With My Parents Divorced, I Don’t Want to See My Father

Dear Troubleshooter:

I’m a female student in my 20s, and I’m unsure how to interact with my father.

My parents divorced last year. My mother and I moved out from our home, where my father still lives, to an apartment. I’m having trouble relating to him. He says he misses me and wants to see me regularly for dinner, but I don’t feel like it.

Both of my parents work full-time, but my mother took care of all the housework when they were together. She could not stand it, and they ended up divorcing. As for me, I have always been fed up with my father’s incompetence.

It’s a pain to meet with and talk to him. He can’t take a joke and only talks about himself, which tires me out.

I don’t want to be bothered with fixing the time and place to meet him. But I also feel like it’s a bother to say “No” to him.

I have never complained about my father to his face. Since I have always had this vague attitude toward him, I think I’m also responsible for the way he acts.

I don’t want to keep making an effort after all these years to keep up our relationship, but I’m not fully prepared to sever ties with him. What should I do?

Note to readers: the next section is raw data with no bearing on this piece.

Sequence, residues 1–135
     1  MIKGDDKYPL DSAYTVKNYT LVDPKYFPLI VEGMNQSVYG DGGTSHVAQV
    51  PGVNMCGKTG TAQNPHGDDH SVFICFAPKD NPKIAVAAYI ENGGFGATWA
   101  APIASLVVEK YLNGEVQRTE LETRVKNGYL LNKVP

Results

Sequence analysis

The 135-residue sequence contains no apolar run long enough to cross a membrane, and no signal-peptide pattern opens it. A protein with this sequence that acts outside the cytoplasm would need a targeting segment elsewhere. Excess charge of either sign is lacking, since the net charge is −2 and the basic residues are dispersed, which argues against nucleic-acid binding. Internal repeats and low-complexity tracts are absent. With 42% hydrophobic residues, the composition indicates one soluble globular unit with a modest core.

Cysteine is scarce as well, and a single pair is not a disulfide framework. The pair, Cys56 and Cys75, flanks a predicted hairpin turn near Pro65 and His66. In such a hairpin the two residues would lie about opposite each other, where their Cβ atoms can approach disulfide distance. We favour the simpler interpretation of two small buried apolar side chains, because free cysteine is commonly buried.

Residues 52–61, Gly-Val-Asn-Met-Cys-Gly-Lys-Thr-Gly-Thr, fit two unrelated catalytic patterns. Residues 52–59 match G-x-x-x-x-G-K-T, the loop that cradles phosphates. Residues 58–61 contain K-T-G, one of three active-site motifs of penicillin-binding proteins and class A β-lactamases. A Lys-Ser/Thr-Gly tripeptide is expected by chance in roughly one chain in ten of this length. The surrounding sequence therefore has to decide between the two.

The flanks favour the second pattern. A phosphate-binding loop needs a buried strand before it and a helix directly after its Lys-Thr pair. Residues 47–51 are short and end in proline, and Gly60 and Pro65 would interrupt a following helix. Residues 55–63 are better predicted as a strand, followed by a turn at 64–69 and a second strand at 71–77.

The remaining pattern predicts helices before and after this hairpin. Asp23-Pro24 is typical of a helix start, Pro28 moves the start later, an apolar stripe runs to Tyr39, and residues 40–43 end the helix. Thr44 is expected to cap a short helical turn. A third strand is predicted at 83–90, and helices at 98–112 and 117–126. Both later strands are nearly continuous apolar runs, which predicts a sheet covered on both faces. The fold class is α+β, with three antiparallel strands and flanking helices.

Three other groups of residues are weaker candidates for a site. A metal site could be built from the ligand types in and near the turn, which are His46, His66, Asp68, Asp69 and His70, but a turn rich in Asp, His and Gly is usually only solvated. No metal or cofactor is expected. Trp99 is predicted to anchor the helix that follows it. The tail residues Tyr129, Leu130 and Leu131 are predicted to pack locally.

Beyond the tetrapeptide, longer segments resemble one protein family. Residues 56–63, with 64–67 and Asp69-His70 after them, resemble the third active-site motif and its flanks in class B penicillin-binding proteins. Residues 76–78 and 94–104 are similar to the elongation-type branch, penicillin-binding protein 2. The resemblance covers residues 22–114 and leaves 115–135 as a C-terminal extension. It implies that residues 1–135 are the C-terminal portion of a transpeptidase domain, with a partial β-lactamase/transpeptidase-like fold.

— O, Tokyo

Dear Ms. O:

Asking his daughter, who is not a school-age child but an adult, to see him regularly since he is lonely does not sound like a request from a father.

Your mother declared she wanted a divorce only because he had been dependent on his family in this way. But your father seems to have not yet learned his lesson.

You need to keep yourself busy so that your father can learn to let you be independent. You need to fill your schedule with schoolwork, lessons, part-time jobs, time with friends and your boyfriend to make him understand that you have your own life. Even when you don’t have any plans, insist that you actually have things to do. The end justifies the means.

When you have no choice but to meet your father, you must take the initiative and start talking to him before he begins complaining and whining. It would be better if you talk about your boyfriend. If he realizes that asking his daughter for help will only serve to frustrate him, he will give up someday.

A husband and wife become strangers when they divorce. However, the relationship between a parent and a child never changes.

It is important not to sever your relationship but maintain a certain distance from him. Sometimes, you should hear his complaints directly.

I think your father will calm down for the time being if you tell him that although it is difficult to see him regularly, you will call him.

— Hazuki Saisho, writer